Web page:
In preparation for obtaining permits to build MLML on the hill, MLML funded a study of the prehistoric resources at the site. The Far Western Anthropological Research Group, Inc. conducted a thorough examination of the site and made recommendations for preservation. Their report details the incredible flora and fauna use by the Natives of this area (Fig. 3).

artifacts from archaelogical dig
Figure 3. Artifacts recovered on the hill during the archeological study. Left image is two arrow heads, middle image is fishing weights, and right image is a grisly bear tooth. These items can be seen at the visitors center as you enter the main lab.

 

The Native Americans placed their main encampment on the leeward side of the hill and likely used the site seasonally to capture food in the nearby slough and coastal environment. Now MLML occupies the site, the building is on the windward side (to capture the views of the ocean and keep the building out of view from the landward side), the volleyball court is on the leeward side, and occupants of the new MLML building capture specimens year round in Elkhorn Slough and the coastal environment. We also share the Native American’s respect and awe for the place we occupy.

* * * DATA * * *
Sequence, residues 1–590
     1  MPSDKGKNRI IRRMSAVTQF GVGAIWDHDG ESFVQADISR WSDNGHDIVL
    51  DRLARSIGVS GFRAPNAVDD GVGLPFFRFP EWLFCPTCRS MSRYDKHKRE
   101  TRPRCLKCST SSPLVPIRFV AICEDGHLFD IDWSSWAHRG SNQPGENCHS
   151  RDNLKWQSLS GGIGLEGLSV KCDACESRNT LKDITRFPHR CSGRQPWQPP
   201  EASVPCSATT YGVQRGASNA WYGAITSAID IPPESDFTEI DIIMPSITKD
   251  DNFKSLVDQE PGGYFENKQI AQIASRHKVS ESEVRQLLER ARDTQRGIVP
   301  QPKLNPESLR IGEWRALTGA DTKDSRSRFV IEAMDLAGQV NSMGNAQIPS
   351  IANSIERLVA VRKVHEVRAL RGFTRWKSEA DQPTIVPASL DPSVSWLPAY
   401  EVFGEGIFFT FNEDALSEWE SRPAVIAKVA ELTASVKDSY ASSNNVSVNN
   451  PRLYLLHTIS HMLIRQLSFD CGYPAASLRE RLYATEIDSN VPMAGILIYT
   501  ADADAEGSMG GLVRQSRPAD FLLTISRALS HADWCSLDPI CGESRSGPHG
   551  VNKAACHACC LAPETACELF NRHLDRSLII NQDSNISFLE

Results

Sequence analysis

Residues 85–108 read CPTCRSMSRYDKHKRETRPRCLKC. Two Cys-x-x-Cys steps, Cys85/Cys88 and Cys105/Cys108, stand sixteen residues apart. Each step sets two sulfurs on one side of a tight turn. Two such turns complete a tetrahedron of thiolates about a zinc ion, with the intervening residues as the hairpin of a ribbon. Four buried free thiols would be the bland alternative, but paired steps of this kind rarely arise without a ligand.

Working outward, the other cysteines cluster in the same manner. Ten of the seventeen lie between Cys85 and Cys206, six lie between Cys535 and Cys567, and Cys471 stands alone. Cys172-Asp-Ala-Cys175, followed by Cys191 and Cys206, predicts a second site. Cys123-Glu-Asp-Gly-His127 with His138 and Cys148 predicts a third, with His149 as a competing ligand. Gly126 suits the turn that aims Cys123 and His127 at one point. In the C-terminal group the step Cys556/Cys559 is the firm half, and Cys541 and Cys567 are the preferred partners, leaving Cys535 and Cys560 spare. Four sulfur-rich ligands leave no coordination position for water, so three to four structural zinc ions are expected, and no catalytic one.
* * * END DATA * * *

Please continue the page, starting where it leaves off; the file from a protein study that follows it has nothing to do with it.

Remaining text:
Those that Used the Hill Before Us: Part II

By Jim Harvey (12 August 2015)

If you come to the main lab of MLML today you see a spectacular building (LEED Gold certified), with amazing views, and well-outfitted teaching and research spaces. What you don’t see is that there are two large cement foundation slabs and one smaller one nestled under the cypress and eucalyptus trees just to your right as you come up the hill (Fig. 1).

54th foundations on the hill
Figure 1. In the foreground are the cement footings for the kitchen of the African-American 54th Coast Artillery Regiment encampment on the hill at Moss Landing, with the north wing of the current MLML main lab in the background.